The University is hosting workshops for faculty and staff, including one on teaching and advising and how to incorporate those processes into classrooms. The other workshops will cover topics such as white privilege and understanding racial trauma.

Cabello acknowledged the “overwhelming” response her division has received regarding the workshops. “Our last couple sessions on understanding racial trauma were maxed out.”

She said her division intends on holding more workshops in the spring.

Cabello also emphasized the importance of supporting not only students of color, but employees of color as well.

She said it is important to “recognize that employees of color, specifically our black employees, are experiencing the world differently than white employees and white people.”

Cabello also spoke about the role and importance of the Bias Education Response Team (B.E.R.T) and said that “bias incidents haven’t stopped because of a pandemic.” She stressed that students should use the resources available to them.


Vice-President of Enrollment and Student Development Lorretta Holloway discussed how the University plans to respond to the aftermath of the presidential election.

Holloway said the upcoming election is a topic her division has been talking about for a while. Student Services has been using its social media to encourage students to vote.

“We are very concerned about the campus community pre- and post-election,” she said.

She added because the election will not be decided that day, “It won’t matter which party wins. We’re expecting a lot of turmoil, long term, and at least until the inauguration, if not beyond.”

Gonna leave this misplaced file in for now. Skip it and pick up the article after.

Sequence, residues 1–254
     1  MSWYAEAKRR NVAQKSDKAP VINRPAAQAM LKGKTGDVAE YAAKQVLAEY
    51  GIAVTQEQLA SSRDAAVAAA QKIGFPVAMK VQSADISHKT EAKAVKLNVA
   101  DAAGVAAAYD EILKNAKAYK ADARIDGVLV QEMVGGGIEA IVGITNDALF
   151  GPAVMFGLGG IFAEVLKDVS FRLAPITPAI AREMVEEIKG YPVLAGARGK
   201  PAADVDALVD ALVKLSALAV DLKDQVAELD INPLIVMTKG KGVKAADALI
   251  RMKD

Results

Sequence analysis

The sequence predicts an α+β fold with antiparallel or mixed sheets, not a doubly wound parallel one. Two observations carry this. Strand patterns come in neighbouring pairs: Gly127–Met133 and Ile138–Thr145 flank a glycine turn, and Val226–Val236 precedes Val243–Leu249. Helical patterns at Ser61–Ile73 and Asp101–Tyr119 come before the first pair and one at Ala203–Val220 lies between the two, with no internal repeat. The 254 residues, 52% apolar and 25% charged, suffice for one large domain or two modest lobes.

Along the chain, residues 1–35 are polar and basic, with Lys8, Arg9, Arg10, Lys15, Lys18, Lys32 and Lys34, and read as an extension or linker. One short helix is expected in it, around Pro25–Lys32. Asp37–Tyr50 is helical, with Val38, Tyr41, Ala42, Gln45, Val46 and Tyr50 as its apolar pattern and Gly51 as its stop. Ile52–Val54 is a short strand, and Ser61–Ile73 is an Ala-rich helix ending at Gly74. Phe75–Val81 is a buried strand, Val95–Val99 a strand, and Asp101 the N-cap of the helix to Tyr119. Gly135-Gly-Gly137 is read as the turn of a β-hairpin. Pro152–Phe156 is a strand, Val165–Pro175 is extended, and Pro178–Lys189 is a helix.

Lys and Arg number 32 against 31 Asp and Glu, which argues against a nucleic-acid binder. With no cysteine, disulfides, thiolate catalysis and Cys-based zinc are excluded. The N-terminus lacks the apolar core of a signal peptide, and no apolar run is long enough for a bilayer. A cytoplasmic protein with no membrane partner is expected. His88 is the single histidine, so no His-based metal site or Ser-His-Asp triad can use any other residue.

Holloway emphasized the importance of supporting students and the campus community after election day through the end of the semester and into the spring.

She said her division has been spreading the word about the Counseling Center to ensure the community is able to receive the emotional support it may need post-election.

“The concern was that we wanted students to really not feel helpless and hopeless, and really be able to direct them and help them figure out ways to take action,” Holloway said.

She also stressed the importance of students protecting themselves and others if they are attending protests.

Holloway added it is important to talk to the community about how students can protect themselves “in those spaces.”

She also recognized the importance of having conversations about “long-term educational programs.”

Holloway encouraged students to vote not only in national elections, but in local elections as well.

Approximately 260 people – students, faculty, and staff – joined the Zoom call.